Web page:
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Sep 24, 2019

GM: What Are Strikes All About?

By Team Stash

The car company’s workers want equal wages and affordable health care

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A strike at General Motors (GM) is having a big impact on the nation’s largest auto manufacturer.

This week, nearly 50,000 employees stayed off factory assembly lines in Detroit and dozens of other factories around the country, demanding equal wages for workers. And as the strike has entered its second week, it’s estimated to have cost GM between $25 and $50 million.

GM has been in the process of restructuring its operations, aiming to aggressively enter the electric vehicle market. In 2018, it announced plans to cut 15,000 workers and shutter up to five plants.

What do strikers want?

GM workers reportedly want equal pay and an end to a system that pays workers who have longer tenures about 40% more than people hired more recently. They also reportedly want a path to regular employment for temporary employees, many of whom have remained contractors for close to a decade. Additionally, workers want to keep their health care affordable, according to reports.

The strikers are represented by the United Auto Workers Union, which last organized a strike against GM in 2007. The UAW is one of the largest unions in the country, representing nearly 1 million current and former automobile workers.

What happens when workers go on strike?

A strike is a collective group action by employees to attempt to change working conditions, such as wages, benefits, or safety conditions, by withholding their labor. Under something called the National Labor Relations Act, employees are entitled to lawfully engage in a strike.

Unions, such as the UAW, typically represent workers in negotiations with an employer, to come up with new working agreements and contracts. Workers pay dues to belong to a union, and in exchange, they receive a number of benefits, such as representation in these contract negotiations, and pay for each week they remain on strike. Union members who cross a picket line to return to work before a strike concludes could jeopardize their pay and membership in the union.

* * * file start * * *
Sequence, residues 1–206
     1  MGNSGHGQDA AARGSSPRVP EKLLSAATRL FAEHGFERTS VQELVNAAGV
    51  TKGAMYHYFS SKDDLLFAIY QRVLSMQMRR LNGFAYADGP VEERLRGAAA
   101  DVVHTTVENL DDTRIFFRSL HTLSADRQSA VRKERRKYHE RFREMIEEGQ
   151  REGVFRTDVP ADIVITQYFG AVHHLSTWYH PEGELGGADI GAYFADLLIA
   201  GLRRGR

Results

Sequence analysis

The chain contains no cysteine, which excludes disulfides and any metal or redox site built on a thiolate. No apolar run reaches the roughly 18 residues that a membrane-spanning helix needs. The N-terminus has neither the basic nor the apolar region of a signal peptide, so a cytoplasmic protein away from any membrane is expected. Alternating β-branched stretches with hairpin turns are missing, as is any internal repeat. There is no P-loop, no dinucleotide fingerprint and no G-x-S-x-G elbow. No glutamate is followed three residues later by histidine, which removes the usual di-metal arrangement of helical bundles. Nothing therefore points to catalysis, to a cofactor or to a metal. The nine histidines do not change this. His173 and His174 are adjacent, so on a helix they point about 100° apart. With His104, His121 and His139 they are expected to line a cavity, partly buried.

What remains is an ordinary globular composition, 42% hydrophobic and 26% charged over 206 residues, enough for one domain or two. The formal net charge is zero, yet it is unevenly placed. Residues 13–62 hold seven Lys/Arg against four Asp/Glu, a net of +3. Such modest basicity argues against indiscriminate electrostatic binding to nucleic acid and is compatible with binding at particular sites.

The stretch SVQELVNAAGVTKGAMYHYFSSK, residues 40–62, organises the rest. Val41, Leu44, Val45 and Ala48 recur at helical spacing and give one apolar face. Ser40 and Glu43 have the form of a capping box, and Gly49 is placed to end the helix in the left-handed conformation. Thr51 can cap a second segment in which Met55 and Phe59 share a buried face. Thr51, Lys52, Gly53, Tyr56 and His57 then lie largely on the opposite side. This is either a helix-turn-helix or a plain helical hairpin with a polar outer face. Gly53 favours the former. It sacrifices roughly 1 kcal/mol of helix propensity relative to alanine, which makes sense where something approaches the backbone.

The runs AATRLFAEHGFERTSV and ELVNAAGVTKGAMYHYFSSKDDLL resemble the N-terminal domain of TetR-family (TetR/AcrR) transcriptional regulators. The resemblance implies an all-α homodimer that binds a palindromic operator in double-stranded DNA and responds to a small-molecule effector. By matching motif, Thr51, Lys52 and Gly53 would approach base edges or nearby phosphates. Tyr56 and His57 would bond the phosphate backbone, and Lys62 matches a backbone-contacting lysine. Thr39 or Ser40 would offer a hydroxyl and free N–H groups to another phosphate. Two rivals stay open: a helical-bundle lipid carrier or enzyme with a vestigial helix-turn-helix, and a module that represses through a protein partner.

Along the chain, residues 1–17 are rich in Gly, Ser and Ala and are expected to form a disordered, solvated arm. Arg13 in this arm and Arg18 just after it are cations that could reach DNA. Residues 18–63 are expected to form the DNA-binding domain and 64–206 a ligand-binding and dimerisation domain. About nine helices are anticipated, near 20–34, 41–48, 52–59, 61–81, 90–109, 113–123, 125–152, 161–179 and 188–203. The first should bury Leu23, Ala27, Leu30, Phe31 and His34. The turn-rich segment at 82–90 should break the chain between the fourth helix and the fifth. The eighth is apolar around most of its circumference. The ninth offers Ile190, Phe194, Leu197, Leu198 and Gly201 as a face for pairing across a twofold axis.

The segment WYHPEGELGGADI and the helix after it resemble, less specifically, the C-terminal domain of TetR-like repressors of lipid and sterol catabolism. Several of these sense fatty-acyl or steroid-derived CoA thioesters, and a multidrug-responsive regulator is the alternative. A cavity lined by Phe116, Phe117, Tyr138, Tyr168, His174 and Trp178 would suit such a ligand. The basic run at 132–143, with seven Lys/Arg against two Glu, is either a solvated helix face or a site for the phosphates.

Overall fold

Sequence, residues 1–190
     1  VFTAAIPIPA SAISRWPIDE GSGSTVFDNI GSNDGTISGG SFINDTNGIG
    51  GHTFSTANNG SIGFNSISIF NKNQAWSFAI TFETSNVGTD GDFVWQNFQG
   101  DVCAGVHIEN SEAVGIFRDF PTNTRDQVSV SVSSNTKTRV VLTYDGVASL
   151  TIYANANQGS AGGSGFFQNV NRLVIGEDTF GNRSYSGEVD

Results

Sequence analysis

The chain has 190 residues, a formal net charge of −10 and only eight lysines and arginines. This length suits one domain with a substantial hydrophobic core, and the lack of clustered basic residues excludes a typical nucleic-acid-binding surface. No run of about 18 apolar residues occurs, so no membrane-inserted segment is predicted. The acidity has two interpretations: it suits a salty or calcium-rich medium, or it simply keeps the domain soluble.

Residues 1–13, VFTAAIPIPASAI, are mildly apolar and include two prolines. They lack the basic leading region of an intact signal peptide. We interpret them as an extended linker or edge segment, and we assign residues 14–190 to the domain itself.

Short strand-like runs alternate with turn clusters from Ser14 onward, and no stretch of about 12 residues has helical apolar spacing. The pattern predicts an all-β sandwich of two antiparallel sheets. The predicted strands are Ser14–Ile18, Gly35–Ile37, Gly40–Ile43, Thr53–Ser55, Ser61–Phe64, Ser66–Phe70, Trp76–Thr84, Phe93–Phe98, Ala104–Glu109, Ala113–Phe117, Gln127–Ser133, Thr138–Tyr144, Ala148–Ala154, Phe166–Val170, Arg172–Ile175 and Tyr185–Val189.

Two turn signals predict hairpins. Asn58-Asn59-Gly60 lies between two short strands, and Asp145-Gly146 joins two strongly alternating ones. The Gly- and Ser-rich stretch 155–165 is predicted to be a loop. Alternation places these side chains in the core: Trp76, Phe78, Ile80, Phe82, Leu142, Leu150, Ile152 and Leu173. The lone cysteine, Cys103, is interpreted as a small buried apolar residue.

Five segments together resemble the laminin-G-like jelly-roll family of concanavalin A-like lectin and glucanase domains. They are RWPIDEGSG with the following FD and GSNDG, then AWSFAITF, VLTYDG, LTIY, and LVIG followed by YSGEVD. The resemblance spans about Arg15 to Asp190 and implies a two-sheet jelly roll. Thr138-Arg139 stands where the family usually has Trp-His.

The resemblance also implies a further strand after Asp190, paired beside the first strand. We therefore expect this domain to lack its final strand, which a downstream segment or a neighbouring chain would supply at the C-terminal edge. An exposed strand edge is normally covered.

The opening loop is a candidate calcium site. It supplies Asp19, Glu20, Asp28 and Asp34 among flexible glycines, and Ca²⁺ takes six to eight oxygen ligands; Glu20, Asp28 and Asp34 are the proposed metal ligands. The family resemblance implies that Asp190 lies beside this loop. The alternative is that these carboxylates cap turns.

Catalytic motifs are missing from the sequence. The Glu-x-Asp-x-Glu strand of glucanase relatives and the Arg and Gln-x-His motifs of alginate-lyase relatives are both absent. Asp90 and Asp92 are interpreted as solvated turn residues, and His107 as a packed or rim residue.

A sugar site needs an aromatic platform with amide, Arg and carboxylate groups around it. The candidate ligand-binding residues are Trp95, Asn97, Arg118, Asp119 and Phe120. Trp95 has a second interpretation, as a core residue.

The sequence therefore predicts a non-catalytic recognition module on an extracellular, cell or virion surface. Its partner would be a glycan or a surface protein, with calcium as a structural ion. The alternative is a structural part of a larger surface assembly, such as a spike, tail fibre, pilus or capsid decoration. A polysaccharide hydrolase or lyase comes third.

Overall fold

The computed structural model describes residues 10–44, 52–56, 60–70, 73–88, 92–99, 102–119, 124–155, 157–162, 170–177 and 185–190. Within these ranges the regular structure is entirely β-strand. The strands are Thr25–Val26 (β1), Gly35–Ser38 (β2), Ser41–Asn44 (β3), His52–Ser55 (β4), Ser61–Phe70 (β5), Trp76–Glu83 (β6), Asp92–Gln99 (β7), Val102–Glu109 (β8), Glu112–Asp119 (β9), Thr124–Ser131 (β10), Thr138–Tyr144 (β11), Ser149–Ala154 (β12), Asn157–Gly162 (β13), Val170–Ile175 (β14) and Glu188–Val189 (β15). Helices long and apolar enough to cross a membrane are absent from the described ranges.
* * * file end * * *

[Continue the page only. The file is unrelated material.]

As union membership has declined over the past few decades, the number of strikes has also decreased dramatically.

More about GM

  • GM is one of the largest auto manufacturers in the world. GM, along with Ford and Chrysler, are the three largest auto producers in the U.S. Together, they account for nearly 3% of the U.S. economy.
  • GM produces and sells cars under four brand names in the U.S.: Chevrolet, Cadillac, Buick, and GMC.
  • In the 1980s, GM employed nearly 1 million workers. Today, that number is closer to 170,000.
  • Last year, it announced plans to lay off 15% of its workforce, saying the move would save the company about $4.5 billion.
  • Tariffs on steel and aluminum, stemming from the U.S. trade war with China, may have cost GM as much as $1 billion in the past year.
  • Because of its size, GM has been rescued several times over the years from bankruptcy by the federal government, at taxpayer expense. Most recently, GM received a bailout of $13 billion during the financial crisis of 2008.
  • GM Chief Executive Officer Mary Barra has said the company plans to sell up to 1 million electric vehicles annually, reportedly a costly transition that will require new, more tech-savvy workers and engineers.
  • GM’s troubles come at a time when U.S. consumers are buying fewer passenger cars, and are instead shifting to pricier SUVs.

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